The fn, ctrl, alt, and command keys on the Mac cause me no end of grief. I constantly forget which incantation to use to switch workspaces, switching firefox tabs, closing windows, closing firefox tabs, etc. But that's more of a rant towards the Powerbook keyboard in general. Also forget about Flash and other plugins, they are nonexistent for PowerPC Linux.

In general, it was a fun adventure to figure out how to do things and cool to have Linux on my Powerbook. It runs beautifully and I'm sure I'll be hacking on it for some time.


Permalink 10:04:03 pm, Categories: Ubuntu, 718 words   English (US)

Xubuntu: alles wunderbar

I have this pretty old IBM Thinkpad iSeries Type 1161-260 with a Celery processor. It's been sitting in my closet for about 6 months. I had attempted to run Linux on it at one point, but the Cardbus pcmcia interface on this laptop did not have good support so essentially no pc card worked. I spent alot of time hacking at it and eventually I gave up and left Windows XP on the system.

This weekend I thought maybe Linux these days has better support. It's a low end laptop with 192MB RAM. I wanted to run Ubuntu, but needed a lightweight version. That's when I found Xubuntu, a lean Ubuntu. I had about 3G free on my windows partition (a whopping 5G drive). I guessed correctly that Ubuntu must have a partition resizer that works well.

I downloaded the Xubuntu ISO on my Mac, burned it, and booted my Thinkpad. After some crunching, it came up to X with a live-CD like distro and an 'Install' icon on the desktop. Cool. I brought up a terminal and did an 'ifconfig -a' expecting to see only my loopback device. Lo and behold, I see an eth0. I think to myself, this can't be my wireless card. I then went to the graphical network configurator and saw that it detected my wireless card. A few clicks and I saw the open wireless networks (I keep mine open too :). I was able to join, startup Firefox, and browse. My jaw dropped. Ubuntu out of the box on its installation live-CD has support for my wireless card that I could never get working for the life of me? I was very impressed. I had to start the installation.

After a long time I eventually had Xubuntu installed. I rebooted and found out that now my wireless card wasn't detected. Poking in /var/log/messages I saw:

cs: warning: no high memory space available!

Now this shit looks familiar, the same crap I had ages ago that I couldn't fix. So continued my hacking. I thought maybe some module loaded at full install and not in the live-CD was conflicting, maybe USB. So I sought to disable USB. Now times have changed and this is not as easy as just commenting it out in /etc/mod* files. I found /etc/modprobe.d/aliases and began fiddling with it. But for the life of me I could not get USB disabled. Even when I removed the kernel module file it would still get loaded!

This really baffled me. I thought maybe USB is compiled into the kernel. But that wasn't the case because I see it in a 'lsmod'. After much searching I realized that now distros use an initramfs, which is like an initrd but I believe you can store more. I looked at the current initramfs used during boot (via /boot/grub/menu.lst), which is a fun gzipped cpio archive:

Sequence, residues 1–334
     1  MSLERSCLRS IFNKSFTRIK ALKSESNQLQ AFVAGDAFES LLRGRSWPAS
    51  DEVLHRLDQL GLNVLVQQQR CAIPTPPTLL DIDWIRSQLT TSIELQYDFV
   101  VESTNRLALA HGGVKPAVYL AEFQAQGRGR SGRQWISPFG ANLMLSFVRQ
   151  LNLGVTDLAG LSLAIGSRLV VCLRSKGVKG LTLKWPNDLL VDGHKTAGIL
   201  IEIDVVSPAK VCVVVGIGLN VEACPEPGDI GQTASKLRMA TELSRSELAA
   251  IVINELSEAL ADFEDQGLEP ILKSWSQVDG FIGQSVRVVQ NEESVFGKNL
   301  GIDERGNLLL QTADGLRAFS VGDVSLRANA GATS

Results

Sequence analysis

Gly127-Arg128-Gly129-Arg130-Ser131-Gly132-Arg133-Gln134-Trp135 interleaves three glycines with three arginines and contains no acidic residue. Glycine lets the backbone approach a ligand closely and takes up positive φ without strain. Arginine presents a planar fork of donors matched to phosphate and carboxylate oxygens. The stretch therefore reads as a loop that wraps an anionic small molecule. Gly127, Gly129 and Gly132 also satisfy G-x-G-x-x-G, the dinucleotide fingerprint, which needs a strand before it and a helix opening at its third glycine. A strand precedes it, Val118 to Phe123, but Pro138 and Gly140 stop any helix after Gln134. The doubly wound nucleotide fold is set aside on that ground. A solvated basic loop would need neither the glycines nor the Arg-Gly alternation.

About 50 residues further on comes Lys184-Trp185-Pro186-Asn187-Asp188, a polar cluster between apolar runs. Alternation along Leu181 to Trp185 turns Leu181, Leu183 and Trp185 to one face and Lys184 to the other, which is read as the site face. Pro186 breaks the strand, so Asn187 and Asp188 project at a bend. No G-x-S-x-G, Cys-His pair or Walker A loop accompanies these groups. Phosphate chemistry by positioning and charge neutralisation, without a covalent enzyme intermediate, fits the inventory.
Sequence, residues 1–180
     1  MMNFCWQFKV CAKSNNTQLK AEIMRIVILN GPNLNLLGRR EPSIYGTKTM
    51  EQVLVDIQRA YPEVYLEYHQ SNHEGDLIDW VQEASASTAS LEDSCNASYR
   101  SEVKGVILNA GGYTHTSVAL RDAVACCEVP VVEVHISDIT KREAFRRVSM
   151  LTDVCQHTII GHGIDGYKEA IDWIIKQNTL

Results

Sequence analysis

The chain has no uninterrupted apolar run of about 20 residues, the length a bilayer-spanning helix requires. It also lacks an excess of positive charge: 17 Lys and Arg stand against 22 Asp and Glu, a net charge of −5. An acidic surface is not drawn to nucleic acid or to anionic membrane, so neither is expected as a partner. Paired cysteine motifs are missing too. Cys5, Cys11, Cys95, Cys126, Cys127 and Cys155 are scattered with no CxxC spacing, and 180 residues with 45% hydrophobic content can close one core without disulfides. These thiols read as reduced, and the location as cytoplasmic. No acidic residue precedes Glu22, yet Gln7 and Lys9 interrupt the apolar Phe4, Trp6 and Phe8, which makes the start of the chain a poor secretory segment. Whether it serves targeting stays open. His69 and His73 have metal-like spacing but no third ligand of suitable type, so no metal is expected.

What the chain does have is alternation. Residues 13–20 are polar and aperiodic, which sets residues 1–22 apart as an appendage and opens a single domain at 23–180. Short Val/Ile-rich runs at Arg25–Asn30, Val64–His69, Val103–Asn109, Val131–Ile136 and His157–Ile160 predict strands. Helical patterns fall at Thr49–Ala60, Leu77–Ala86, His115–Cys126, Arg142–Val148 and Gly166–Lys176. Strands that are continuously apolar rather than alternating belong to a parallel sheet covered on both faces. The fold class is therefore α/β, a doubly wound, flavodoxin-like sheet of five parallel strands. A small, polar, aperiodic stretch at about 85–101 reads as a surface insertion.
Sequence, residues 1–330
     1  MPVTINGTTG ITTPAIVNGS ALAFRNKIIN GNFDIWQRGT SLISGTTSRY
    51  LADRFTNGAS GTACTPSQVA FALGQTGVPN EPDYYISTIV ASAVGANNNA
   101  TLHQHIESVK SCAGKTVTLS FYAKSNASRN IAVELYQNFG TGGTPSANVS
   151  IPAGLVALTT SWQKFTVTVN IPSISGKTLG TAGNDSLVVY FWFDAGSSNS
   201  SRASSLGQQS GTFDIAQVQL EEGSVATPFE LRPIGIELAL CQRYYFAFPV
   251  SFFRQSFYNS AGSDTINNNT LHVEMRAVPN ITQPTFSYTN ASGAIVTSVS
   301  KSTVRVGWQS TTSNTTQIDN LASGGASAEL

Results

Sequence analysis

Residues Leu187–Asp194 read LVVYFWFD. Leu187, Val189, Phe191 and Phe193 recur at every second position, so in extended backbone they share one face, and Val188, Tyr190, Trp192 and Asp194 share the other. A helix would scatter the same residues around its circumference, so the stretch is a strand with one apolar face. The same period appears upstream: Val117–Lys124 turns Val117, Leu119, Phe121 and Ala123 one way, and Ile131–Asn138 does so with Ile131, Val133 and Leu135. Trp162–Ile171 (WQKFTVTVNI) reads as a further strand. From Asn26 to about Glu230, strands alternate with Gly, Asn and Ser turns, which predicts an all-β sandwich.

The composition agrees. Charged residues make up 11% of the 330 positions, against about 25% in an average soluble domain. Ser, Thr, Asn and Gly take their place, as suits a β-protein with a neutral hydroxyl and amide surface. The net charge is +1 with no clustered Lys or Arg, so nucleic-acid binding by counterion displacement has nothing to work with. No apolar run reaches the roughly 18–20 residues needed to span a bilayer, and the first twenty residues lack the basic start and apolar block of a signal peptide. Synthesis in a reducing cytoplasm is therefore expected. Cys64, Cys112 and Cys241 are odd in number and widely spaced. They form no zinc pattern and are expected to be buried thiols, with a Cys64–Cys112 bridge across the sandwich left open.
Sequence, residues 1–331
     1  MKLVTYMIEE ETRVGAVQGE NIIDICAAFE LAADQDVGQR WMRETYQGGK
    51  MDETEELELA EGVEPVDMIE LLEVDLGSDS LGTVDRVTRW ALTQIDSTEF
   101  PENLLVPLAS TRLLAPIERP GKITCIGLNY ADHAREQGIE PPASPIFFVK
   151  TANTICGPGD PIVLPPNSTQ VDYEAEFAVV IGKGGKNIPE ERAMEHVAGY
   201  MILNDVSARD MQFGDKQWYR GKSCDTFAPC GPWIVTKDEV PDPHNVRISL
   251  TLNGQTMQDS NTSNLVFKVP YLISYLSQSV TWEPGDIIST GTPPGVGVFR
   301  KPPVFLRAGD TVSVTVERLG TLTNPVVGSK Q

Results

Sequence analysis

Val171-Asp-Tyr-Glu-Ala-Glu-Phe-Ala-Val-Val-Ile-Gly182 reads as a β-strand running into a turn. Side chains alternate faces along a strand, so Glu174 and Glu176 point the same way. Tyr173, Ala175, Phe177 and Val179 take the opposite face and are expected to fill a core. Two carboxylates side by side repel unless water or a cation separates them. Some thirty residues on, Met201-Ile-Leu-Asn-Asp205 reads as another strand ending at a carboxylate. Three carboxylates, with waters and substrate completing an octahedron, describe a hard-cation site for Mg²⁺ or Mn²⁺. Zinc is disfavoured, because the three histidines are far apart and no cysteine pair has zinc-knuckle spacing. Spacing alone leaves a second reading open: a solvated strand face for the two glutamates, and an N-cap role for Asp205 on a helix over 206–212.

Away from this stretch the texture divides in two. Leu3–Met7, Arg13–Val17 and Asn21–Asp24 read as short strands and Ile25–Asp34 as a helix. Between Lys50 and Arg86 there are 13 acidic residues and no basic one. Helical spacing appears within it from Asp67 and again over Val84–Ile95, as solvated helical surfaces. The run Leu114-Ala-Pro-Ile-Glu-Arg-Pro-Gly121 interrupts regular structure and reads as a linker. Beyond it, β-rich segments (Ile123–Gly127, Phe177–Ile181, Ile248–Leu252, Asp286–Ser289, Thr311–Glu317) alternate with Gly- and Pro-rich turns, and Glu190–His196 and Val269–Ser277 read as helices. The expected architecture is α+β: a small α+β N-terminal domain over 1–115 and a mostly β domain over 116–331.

mkdir /tmp/a
cd /tmp/a
gzip -dc /boot/initrd.img-2.6.15-26-386 | cpio -i

And whaddaya know, the usb kernel modules are stored in there. I found out about mkinitramfs (like mkinitrd), made a new one without usb, rebooted. But still my fucking wireless card didn't work. I went to sleep and decided to try again later. I was determined though because the damn thing worked on the live-CD, I have to be able to get it working installed! That would be really lame if I gave up now.

I spent some time searching, and found some references about pcmciautils replacing pcmcia-cs, and /etc/pcmcia being moved to /usr/share/pcmciautils. On my system /etc/pcmcia was empty. I booted the live-CD again and noticed that /etc/pcmcia had lots of config files, importantly a config.opts. On my installed system, this file was in /usr/share/pcmciautils. It contains info on memory regions to probe.

Then I found this German posting that seemed to be recommending copying config.opts to /etc/pcmcia. My 2 semesters of German came through, and I knew that 'alles wunderbar' meant something good. I copied the file, rebooted. Voila, my wireless card worked!

What a pain and such a simple fix! It's really lame this file is not automatically copied there, but I'm glad to have gotten it working. Where there is a will there is a way.


Permalink 08:31:07 pm, Categories: Linux, 158 words   English (US)

I need a PC

So I've been using a Mac for some time now. In fact I haven't had a PC at home in over a year. And now I miss it, yes I miss the PC.

Why? Obviously I've found the Mac superior than a PC in terms of usability. However I feel that Apple is not a very open source developer friendly environment. I don't know how to describe it. If I want to do development on Mac, I'd want to use the Cocoa stuff, or Applescript, or whatever. But this is not as fun as doing true Linux development. The open source developer community is missing from Apple. I enjoy development on Linux better than the Mac.

I hack on Linux at work, but at home I have no Linux box, which sucks. I'd like to maybe get an Ubuntu box at home as a desktop. Now I wouldn't give up Mac of course, just need the Linux fix.